“Big investment firms advertise. You go to them,” Beasley said. “They don’t come to you. Licensed investors also have a fiduciary responsibility, meaning that they have to act in your best interest, not necessarily their company’s best interest.”

A few other pieces of advice were:

• Trust, but verify. If Social Security, Veterans Affairs, or the Internal Revenue Service contacts and requests personal information for verification, don’t give it to them. Hang up, look up their business phone number on their website and call them back to verify it was actually them that called you.

• Before investing, ensure your investment advisor is registered and hasn’t been previously sued by the SEC. Advisors are legally required to register with the SEC and are given a unique, Central Registration Depository number. You can verify this information, see customer complaints, and previous employment for them at

• Do your due diligence and research before you invest. Research the product, individual and the business first.

• Be aware of high-pressure sales tactics and “limited time offers.”

• Research publicly-traded companies on the SEC’s Electronic-Data Gathering, Analysis, and Retrieval system also known as EDGAR. EDGAR provides free public access to corporate information such as registration statements, period reports, and overviews that show a company’s business and financial condition.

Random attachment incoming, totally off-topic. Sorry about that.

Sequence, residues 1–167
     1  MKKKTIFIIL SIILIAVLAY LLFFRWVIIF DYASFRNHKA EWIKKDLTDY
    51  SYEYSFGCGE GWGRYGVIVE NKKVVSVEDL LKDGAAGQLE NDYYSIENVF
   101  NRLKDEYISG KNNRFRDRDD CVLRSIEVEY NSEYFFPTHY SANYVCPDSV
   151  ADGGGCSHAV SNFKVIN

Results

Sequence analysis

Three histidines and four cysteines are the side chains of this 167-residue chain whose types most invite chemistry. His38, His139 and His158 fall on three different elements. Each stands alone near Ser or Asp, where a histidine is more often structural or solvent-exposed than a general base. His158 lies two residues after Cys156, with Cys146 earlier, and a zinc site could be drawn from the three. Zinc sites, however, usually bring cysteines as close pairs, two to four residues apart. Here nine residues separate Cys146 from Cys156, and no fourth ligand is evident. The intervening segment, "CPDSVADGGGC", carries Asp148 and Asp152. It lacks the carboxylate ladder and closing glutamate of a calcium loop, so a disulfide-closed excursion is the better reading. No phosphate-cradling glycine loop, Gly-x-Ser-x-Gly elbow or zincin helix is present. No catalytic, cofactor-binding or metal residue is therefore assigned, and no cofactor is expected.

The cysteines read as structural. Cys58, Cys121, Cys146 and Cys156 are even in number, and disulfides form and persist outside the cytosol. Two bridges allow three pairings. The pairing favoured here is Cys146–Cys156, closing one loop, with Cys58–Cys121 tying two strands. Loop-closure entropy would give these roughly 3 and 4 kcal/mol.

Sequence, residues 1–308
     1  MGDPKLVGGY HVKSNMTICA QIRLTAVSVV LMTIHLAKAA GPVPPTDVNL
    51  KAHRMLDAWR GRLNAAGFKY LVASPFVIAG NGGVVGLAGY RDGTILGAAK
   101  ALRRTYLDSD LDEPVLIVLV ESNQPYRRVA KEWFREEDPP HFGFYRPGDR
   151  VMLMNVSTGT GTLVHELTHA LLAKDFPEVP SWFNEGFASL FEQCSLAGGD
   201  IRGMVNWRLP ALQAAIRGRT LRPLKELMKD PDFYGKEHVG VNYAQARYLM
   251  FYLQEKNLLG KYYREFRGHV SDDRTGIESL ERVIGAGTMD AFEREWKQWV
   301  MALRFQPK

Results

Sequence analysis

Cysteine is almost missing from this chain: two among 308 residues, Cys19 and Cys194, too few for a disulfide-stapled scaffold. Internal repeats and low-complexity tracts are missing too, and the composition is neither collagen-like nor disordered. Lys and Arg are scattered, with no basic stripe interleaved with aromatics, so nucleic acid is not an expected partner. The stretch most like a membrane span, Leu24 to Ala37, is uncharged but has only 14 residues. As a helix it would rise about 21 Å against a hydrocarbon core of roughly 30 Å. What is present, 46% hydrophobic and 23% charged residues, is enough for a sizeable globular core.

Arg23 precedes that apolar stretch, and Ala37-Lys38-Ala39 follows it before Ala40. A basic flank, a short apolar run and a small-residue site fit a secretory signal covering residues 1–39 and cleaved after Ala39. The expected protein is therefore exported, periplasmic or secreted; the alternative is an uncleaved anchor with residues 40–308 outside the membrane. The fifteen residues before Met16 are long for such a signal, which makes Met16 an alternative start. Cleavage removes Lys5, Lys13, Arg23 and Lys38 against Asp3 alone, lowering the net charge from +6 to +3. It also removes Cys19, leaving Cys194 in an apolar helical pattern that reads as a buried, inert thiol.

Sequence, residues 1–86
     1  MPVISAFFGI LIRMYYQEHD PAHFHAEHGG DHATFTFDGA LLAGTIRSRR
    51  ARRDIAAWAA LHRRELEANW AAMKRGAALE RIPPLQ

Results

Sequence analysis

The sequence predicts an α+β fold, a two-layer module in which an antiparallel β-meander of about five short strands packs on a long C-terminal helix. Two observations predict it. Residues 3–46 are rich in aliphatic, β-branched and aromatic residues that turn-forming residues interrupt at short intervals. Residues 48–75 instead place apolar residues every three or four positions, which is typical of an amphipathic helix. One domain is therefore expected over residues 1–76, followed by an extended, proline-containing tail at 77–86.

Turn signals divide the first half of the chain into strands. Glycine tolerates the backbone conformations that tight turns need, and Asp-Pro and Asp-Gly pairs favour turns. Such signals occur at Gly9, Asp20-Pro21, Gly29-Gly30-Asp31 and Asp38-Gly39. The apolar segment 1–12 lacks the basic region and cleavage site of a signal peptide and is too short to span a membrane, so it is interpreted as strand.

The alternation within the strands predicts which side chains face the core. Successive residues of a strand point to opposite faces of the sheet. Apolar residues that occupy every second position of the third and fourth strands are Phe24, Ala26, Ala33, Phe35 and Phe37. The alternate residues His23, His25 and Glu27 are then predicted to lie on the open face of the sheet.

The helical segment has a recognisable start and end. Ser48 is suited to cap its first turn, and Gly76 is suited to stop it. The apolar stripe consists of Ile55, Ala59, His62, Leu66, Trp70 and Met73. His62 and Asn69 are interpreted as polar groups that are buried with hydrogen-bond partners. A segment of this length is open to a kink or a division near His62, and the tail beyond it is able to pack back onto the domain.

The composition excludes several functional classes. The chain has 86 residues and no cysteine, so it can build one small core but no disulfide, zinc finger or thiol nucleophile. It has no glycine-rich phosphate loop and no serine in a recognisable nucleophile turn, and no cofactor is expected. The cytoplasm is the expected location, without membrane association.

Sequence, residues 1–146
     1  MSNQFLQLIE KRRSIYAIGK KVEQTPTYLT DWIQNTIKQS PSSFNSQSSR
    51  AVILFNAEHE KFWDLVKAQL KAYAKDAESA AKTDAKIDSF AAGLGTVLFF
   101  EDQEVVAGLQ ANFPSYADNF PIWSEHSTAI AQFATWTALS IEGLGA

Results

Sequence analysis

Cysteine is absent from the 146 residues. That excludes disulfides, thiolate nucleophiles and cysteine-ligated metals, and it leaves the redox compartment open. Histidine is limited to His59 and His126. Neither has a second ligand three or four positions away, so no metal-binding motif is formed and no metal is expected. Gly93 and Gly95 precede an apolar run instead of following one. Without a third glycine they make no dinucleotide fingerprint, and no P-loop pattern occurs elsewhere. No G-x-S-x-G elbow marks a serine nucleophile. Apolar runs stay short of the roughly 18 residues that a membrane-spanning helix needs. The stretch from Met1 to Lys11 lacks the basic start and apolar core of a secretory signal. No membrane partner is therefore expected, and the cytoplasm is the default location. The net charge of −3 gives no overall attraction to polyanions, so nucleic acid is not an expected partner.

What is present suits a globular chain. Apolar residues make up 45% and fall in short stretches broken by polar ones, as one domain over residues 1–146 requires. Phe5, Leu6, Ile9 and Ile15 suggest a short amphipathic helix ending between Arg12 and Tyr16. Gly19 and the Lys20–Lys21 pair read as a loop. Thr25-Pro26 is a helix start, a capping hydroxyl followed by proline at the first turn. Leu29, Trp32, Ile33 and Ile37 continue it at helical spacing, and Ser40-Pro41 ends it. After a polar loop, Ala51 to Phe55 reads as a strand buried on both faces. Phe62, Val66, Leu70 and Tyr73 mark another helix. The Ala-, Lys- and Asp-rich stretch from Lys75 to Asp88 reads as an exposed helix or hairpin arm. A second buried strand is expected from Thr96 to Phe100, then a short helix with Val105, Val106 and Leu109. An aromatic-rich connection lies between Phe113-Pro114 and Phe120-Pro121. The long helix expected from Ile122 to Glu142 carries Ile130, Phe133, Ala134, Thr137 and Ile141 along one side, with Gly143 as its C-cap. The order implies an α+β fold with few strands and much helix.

• Contact Investor Assistance line at (404) 842-7676 for more information

Following the plethora of advice concerning investments and how to avoid scams, Shawn Smith, personal financial readiness specialist with ACS detailed the importance of knowing your investments and retirement options through Thrift Savings Plan and the Government Retirement & Benefits Platform.

Smith elaborated on the role of ACS’s Financial Readiness Program and how they can help you prepare for the future.

“We are financial counselors, not advisors. My job is not to tell you how to invest,” Smith said. “My job is to get you the information.”

Lastly, Dr. Treva Anderson, a master resilience trainer and lead performance expert with Fort Jackson’s Ready & Resilient Performance Center led the group in a team wellness and cohesion activity aimed to bring the group closer together to build an environment based on trust and understanding.

“The more we communicate and work together as a team, the better we can serve the military community,” Anderson said. “Everything that I do is designed to help the community of Fort Jackson to be ready and resilient.”

“We’re six months into the year and a lot goes on as far as taking care of clients, but it’s also important to take care of yourself,” said Crosland. “So, we tried to put together something that touched on different topics such as stress relief, managing your money, avoiding fraud and teamwork. That way, we can all finish out the year strong.”

If you missed this training, have no fear. ACS has several programs and services available to military members, their families, and civilians. For more information, visit, or call 751-5256.